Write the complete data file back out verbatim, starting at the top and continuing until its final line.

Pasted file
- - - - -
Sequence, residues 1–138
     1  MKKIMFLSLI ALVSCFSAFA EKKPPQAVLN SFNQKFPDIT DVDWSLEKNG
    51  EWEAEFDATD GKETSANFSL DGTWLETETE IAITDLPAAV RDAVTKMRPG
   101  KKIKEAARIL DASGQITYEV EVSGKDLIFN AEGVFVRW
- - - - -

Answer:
Sequence, residues 1–138
     1  MKKIMFLSLI ALVSCFSAFA EKKPPQAVLN SFNQKFPDIT DVDWSLEKNG
    51  EWEAEFDATD GKETSANFSL DGTWLETETE IAITDLPAAV RDAVTKMRPG
   101  KKIKEAARIL DASGQITYEV EVSGKDLIFN AEGVFVRW